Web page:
Project Evolution von Pflanzenverteidigung während einer Pflanzeninvasion

Basic data

Title:
Evolution von Pflanzenverteidigung während einer Pflanzeninvasion
Duration:
01/01/2020 to 31/12/2022
Abstract / short description:
In the context of climate change, understanding the mechanisms involved in species resilience is a critical issue for maintaining biodiversity and global sustainability. Biological invasions are an increasing global problem, with dramatic ecological and economic consequences. To manage current invaders and prevent future invasions it is critical to understand the processes underlying successful biological invasions. For instance, we know that successful invasive species often rapidly evolve and adapt to their novel environments. The precise mechanisms, from genome to plant phenotypes and biotic interactions, are however rarely understood. Moreover, a true understanding of an invasive species requires a cross-continental perspective, and the comparison of its ecology and evolution in the native versus introduced range. In project “Genomics and epigenomics of plant invasion”, we will complete an integrative and cross-continental study of the aggressive plant invader Japanese knotweed, which experiences drastic changes in abiotic and biotic environments pressure in its introduced range. To understand the evolutionary processes during this invasion, and its underlying mechanisms, we have assembled a team of German, US and Chinese researchers with complementary expertise in invasion biology and ecological genomics. We will complete a global survey of molecular and phenotypic diversity coupled with measures of the abiotic and biotic environments of 200 Japanese knotweed populations. Then, we will combine field observation with common-garden and experimental approaches, with genomic methods to characterize how this globally successful invasive accommodates environmental challenges. Our project will be unique in its combination of geographic scale and biological depth, and it will provide important insights about one of the world’s worst invasive species. We hope that it will become a model for successful cross-continental collaboration.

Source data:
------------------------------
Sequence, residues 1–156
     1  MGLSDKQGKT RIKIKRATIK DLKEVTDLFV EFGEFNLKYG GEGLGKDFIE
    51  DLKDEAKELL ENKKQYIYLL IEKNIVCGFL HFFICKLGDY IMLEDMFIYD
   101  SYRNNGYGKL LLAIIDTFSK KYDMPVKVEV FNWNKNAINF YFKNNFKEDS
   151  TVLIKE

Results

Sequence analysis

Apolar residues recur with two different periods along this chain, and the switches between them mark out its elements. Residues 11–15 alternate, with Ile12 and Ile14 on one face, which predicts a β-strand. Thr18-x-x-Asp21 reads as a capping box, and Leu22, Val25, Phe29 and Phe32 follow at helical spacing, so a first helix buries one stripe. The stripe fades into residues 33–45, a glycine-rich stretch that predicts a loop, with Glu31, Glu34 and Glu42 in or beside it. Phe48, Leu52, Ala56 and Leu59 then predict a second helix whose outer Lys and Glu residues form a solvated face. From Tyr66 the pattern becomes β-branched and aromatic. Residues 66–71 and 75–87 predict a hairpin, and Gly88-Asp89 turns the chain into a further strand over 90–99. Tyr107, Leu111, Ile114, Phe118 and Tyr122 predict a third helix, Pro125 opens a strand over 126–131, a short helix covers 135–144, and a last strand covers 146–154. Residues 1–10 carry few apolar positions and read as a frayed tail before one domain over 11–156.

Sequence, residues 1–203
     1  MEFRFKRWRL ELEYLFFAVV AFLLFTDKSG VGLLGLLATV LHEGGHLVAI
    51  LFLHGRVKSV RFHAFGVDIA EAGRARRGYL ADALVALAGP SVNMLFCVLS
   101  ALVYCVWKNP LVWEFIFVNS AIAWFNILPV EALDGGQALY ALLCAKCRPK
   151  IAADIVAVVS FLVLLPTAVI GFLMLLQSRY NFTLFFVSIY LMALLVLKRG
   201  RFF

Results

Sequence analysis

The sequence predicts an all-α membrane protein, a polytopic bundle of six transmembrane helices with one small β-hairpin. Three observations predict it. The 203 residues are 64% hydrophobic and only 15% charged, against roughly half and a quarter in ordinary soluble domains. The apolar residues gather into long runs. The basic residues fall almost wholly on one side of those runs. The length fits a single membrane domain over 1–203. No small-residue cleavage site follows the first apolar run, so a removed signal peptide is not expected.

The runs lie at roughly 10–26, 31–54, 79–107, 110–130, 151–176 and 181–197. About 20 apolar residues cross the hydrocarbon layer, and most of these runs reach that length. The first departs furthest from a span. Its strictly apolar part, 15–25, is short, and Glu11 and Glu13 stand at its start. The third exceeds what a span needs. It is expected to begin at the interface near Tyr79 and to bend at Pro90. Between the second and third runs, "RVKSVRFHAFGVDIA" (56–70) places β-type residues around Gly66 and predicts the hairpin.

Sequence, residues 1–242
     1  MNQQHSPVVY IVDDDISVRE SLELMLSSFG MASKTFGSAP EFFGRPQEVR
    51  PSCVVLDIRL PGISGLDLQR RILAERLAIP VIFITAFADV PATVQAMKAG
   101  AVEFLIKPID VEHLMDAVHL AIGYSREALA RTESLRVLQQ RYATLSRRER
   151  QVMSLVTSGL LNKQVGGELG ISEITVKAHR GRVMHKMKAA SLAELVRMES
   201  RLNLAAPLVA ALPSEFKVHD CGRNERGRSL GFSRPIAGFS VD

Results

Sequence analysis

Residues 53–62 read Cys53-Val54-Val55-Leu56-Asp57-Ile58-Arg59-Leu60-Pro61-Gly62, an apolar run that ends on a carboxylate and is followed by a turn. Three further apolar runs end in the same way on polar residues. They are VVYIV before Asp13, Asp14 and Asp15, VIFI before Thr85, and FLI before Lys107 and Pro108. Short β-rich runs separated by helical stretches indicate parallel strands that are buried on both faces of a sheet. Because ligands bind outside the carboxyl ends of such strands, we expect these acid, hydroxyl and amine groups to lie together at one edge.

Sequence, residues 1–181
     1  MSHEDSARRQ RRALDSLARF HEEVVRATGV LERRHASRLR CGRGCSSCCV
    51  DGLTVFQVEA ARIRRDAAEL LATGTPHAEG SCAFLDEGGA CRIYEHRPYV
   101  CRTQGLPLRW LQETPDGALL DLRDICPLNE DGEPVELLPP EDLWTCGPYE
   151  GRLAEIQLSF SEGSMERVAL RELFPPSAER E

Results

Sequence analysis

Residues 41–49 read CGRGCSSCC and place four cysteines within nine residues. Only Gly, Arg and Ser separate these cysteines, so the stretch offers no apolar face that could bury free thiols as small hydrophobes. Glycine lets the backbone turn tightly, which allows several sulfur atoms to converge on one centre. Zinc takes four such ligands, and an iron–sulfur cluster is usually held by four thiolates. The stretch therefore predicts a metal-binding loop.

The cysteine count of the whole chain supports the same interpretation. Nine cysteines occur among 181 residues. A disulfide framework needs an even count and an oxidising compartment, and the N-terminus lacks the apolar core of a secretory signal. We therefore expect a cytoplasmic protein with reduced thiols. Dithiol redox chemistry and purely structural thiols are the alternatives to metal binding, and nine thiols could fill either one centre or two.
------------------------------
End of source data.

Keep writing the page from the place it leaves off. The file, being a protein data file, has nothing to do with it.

Involved staff

Managers

Institute of Evolution and Ecology
Department of Biology, Faculty of Science

Contact persons

Faculty of Science
University of Tübingen
Department of Biology
Faculty of Science
Institute of Evolution and Ecology
Department of Biology, Faculty of Science

Local organizational units

Institute of Evolution and Ecology
Department of Biology
Faculty of Science

Funders

Bonn, Nordrhein-Westfalen, Germany
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